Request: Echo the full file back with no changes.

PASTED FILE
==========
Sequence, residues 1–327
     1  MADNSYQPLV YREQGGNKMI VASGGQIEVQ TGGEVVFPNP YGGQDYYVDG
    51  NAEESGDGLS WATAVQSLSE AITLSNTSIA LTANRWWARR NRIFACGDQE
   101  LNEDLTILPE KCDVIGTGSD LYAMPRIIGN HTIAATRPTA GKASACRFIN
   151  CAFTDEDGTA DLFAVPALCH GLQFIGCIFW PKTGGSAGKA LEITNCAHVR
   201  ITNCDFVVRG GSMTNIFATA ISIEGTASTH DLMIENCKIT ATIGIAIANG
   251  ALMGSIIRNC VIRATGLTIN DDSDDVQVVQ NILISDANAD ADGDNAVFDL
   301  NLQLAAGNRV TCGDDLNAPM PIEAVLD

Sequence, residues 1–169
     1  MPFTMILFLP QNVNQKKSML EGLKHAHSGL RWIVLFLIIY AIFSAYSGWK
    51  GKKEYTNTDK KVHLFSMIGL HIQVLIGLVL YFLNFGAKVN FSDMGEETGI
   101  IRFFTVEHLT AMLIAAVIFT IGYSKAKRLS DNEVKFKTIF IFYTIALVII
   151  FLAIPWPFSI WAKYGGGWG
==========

Sequence, residues 1–327
     1  MADNSYQPLV YREQGGNKMI VASGGQIEVQ TGGEVVFPNP YGGQDYYVDG
    51  NAEESGDGLS WATAVQSLSE AITLSNTSIA LTANRWWARR NRIFACGDQE
   101  LNEDLTILPE KCDVIGTGSD LYAMPRIIGN HTIAATRPTA GKASACRFIN
   151  CAFTDEDGTA DLFAVPALCH GLQFIGCIFW PKTGGSAGKA LEITNCAHVR
   201  ITNCDFVVRG GSMTNIFATA ISIEGTASTH DLMIENCKIT ATIGIAIANG
   251  ALMGSIIRNC VIRATGLTIN DDSDDVQVVQ NILISDANAD ADGDNAVFDL
   301  NLQLAAGNRV TCGDDLNAPM PIEAVLD

Sequence, residues 1–169
     1  MPFTMILFLP QNVNQKKSML EGLKHAHSGL RWIVLFLIIY AIFSAYSGWK
    51  GKKEYTNTDK KVHLFSMIGL HIQVLIGLVL YFLNFGAKVN FSDMGEETGI
   101  IRFFTVEHLT AMLIAAVIFT IGYSKAKRLS DNEVKFKTIF IFYTIALVII
   151  FLAIPWPFSI WAKYGGGWG